Welcome to the inaugural issue of Health Policy News for the 2016 Session of the Washington State Legislature! We will come to you each week with updates about legislative action impacting community health.
Expectations are low for many policy bills to pass this session. It is a "short session" in an election year. Legislators will want to conclude business in their scheduled time and hit the campaign trail. As they return to Olympia, lawmakers face a budget deficit caused by increased caseloads and enrollments, and the McCleary state Supreme Court case on education. In August, the state Supreme Court delivered a unanimous order and began fining the legislature $100,000 a day for failure to develop a plan to fully fund K-12 public education as directed by its 2012 McCleary decision. The McCleary case directs legislators to boost education by billions of dollars by the 2017-18 school year. Thursday, during a briefing with reporters, legislators reviewed a plan to fund McCleary, but acknowledged finding the funding will take a year.
The Legislature will also face funding of charter schools, which were ruled unconstitutional by the state Supreme Court, the Friday before the Labor Day weekend. Initiative 1366, passed by Washington voters in November puts in the Legislature in a position where it must either send a constitutional amendment to the people requiring a two thirds vote in the legislature or a public vote for all tax increases or the state sales tax is lowered by 1% from 6.5% to 5.5% on April 15, 2016. This one percent reduction in the state sales tax would result in about a $1 billion loss in tax revenue.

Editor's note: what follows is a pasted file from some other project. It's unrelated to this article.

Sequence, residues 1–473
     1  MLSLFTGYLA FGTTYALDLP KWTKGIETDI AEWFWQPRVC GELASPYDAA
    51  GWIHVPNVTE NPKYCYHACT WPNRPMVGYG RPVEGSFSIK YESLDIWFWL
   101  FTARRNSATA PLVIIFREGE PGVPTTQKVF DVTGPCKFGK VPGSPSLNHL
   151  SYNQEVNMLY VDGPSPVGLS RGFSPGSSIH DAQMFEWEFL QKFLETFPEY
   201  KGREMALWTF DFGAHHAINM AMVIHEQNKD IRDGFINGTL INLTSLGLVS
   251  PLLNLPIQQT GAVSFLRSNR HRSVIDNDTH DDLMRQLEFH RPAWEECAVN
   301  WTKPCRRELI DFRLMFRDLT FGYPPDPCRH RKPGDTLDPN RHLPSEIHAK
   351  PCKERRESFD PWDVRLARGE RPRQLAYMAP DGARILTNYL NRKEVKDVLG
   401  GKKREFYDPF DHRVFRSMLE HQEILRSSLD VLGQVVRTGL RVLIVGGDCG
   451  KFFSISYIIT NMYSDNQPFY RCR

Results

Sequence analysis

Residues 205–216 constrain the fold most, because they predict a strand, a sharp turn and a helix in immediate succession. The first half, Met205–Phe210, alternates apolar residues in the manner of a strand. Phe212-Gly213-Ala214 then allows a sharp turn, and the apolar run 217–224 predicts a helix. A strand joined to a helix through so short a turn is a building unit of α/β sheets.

How are social services professionals using NEAR (Neuroscience, Epigenetics, Adverse Childhood Experiences, and Resilience) science and knowledge? Home visiting and mental health professionals, along with other experts have come together to create, review and test a new toolkit designed as a training manual with guided processes to safely and effectively talk about the trauma of Adverse Childhood Experiences.
The NEAR@Home toolkit, designed over a three plus year period by federal Health Resources and Services Administration Region X (Alaska, Idaho, Oregon and Washington), Quen Zorrah (Thrive WA), Laura Porter, and others, is a "guided process to talk about trauma and resilience in Home Visiting".
The Healthy Living Collaborative (HLC) is constantly focusing on upstream solutions that support community-based initiatives to improve health and wellness. The HLC is committed to strengthening families, neighborhoods, and systems in order to ensure health equity. HLC brings together partners from all sectors, combining resources and ideas, to improve the lives of everyone.
Click on the link to the Healthy Living Collaborative's 2015 Strategy document to see what the policy priorities are for this year.
Please join us in thanking Governor Inslee for protecting the historic transportation investments our members worked so hard on this session. Please find details in the action alert from the Childhood Obesity Prevention Coalition attached. To thank Governor Inslee, use the link here from Washington Bikes.
I finally feel like it really is Sine Die to the 2015 Washington State Legislative Session
- at long last!
Thank you for all of your active engagement the last week!